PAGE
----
There is something about gerbils that cats can’t resist. We have seen this before with our other cats, they aren’t that fussed about our rats, but show them a gerbil and they have to get as close as possible. While we would never let Inkie get her paws on Wheatie, or any of our rodents, it is impossible to keep her away from Wheatie’s home. Not that he cares, like many of our gerbils before Wheatie seems to enjoy the audience to his digging, chomping and general gerbilness.

Wheatie's favourite treat

We have a bread machine at home, and that means yummy fresh bread everyday. This is a favourite treat with many of our fuzzy family members, and Wheatie is no exception. Every day at teatime he is ready and waiting for his bit of bread, and he always sits right in the open doorway to his home and eats it.

Wheatie has settled in so well to life with our family. He likes to come out once a day to run around on the floor, and while he doesn’t climb on us he does like us to sit on the floor with him so he can say ‘hello’. When we got him Wheatie was quite skinny, but with all the digging and chomping he does, not to mention running around, he has put on a nice amount of bulk and looks like a proper healthy gerbil.

He really is a lovely little chap, we feel very lucky to have found him.

A fluffy gerbil bed

We were cleaning Wheatie out today and couldn’t resist snapping a picture of his bed. One of the greatest things about gerbils is their ability to chew cardboard into tiny little bits, dig and kick sawdust around and generally┬ámake a mess in their homes, but somehow their beds remain a wonderful little oasis of fluffy nesting material. Amongst the chaos of the rest of their cage, a gerbils bed is spotless, cosy and perfectly formed for super cute gerbil napping.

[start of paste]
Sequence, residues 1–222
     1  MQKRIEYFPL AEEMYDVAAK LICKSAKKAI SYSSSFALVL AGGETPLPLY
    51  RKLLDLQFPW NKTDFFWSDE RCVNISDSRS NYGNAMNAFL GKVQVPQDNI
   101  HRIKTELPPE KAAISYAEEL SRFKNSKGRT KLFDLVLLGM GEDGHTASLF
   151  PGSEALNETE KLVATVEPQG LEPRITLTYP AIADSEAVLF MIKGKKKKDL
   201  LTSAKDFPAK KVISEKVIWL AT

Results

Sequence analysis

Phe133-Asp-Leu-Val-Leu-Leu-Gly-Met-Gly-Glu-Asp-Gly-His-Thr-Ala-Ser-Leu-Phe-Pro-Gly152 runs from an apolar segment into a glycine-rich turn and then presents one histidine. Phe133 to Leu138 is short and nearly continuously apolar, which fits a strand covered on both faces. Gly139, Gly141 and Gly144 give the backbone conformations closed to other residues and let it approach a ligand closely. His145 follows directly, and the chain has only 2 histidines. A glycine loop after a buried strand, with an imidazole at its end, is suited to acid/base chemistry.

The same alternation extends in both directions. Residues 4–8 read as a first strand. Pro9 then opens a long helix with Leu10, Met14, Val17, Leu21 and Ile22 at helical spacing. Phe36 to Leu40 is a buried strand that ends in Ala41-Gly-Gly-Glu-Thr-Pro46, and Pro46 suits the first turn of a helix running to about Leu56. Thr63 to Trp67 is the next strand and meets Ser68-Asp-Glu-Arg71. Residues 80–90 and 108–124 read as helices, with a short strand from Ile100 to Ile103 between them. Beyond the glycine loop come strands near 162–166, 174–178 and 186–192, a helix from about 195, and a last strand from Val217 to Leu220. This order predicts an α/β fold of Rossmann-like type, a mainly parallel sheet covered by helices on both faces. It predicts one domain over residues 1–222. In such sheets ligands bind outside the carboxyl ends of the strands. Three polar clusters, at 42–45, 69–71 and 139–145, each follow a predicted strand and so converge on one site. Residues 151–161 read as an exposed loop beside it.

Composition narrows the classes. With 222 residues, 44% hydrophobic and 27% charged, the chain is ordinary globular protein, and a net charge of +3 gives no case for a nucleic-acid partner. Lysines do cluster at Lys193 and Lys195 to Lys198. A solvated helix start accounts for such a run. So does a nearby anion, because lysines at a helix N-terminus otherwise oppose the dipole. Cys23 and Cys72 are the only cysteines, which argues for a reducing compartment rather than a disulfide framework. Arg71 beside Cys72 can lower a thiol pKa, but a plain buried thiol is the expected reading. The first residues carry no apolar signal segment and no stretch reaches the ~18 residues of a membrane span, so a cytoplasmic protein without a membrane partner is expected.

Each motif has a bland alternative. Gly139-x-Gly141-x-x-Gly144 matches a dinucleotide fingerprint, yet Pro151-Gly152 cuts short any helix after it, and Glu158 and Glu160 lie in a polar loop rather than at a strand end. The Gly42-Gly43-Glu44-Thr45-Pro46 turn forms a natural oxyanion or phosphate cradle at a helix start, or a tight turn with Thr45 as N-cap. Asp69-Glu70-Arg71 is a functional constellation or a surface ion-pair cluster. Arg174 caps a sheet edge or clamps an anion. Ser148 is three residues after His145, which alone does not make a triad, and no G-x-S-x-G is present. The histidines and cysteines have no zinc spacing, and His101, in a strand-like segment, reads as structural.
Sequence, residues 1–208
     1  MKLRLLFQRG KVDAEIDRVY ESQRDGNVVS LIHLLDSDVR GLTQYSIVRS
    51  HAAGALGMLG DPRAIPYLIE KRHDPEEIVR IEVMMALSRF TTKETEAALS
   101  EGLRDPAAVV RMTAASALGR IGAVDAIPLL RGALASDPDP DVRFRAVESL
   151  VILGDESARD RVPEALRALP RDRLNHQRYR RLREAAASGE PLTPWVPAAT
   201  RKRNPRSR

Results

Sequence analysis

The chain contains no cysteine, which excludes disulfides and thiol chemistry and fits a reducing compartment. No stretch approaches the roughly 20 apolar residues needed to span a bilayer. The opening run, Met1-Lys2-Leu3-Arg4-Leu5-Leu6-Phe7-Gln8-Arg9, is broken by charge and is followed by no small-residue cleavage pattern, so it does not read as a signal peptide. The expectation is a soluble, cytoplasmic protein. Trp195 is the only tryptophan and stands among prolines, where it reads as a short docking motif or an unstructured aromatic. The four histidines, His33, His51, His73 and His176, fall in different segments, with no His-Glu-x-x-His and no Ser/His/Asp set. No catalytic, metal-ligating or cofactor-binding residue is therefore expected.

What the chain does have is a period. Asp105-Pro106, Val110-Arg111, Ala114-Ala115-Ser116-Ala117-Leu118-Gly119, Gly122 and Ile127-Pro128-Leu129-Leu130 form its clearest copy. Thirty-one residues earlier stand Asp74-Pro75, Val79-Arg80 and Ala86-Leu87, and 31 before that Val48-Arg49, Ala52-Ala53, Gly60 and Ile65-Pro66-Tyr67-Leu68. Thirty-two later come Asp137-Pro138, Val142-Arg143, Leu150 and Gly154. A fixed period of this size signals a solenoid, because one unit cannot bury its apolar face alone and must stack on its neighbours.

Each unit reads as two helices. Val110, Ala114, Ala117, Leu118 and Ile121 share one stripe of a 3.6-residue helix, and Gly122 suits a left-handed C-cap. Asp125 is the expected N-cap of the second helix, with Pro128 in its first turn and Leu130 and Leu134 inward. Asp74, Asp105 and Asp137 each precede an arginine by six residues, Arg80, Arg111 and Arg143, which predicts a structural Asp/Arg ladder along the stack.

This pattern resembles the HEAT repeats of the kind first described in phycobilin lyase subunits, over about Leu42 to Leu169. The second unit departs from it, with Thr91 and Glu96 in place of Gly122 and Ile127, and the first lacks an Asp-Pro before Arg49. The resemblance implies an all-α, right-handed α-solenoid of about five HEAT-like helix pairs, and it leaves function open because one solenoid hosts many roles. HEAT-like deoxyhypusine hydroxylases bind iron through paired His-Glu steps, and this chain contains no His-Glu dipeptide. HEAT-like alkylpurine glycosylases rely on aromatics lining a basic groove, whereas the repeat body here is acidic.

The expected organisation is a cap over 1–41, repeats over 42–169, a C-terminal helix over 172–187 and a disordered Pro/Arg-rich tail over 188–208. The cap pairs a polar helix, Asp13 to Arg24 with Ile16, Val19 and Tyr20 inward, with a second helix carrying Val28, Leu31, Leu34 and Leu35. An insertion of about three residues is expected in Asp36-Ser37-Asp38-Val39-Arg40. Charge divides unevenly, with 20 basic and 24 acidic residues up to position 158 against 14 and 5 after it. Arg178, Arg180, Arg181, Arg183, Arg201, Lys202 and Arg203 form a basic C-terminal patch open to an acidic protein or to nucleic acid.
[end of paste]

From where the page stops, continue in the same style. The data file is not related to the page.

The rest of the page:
'Get away this is mine!'

'Get away this is mine!'

Goodbye to Wheatie

Our sweet boy, Wheatie

Our sweet boy, Wheatie

It is very hard to accept but our little Wheatie has passed away. In the year we have known him he was an active, brave and fun loving little chap, but sadly his time with us has come to an end.

A couple of months ago we noticed he’d stopped chewing his cardboard, he was still quite active in his cage, but just not chomping his way through every last bit like he normally did. He was still making his fluffy little paper beds, but they weren’t quite as well made as normal either. Then we realised he’d not been coming out to play much. It was near then end of summer and we’d put it down to the heat, as he was still attentive and eating. We tried not to worry, as he was still happy and alert.

About a week ago, Wheat’s appetite started to drop off, he wasn’t terribly interested in his morning bran flakes or his favourite treat of fresh bread, which was a worry. Then two days ago, on Saturday, we came to clean his cage out and Wheatie was having problems with his back legs. He could sit fine, but when he tried to run his legs extended fully and he ended up charging around with his bottom in the air. As the weekend progressed the problem got worse, as he moved around his cage he was finding it difficult to control his movements and to stop when he wanted to. By Monday he was barely getting out of bed, and when he did he really struggled to get around. So with very heavy hearts we took our sweet little gerbil to the vets and said goodbye.

Pictures of our gorgeous gerbil Wheatie doing what he loved

It’s been a very difficult day, but Wheatie was always such a joy to know. Even in the short year we had him, he reminded us what fun gerbils are and how you are never to old to sit on the floor and play with a little rodent.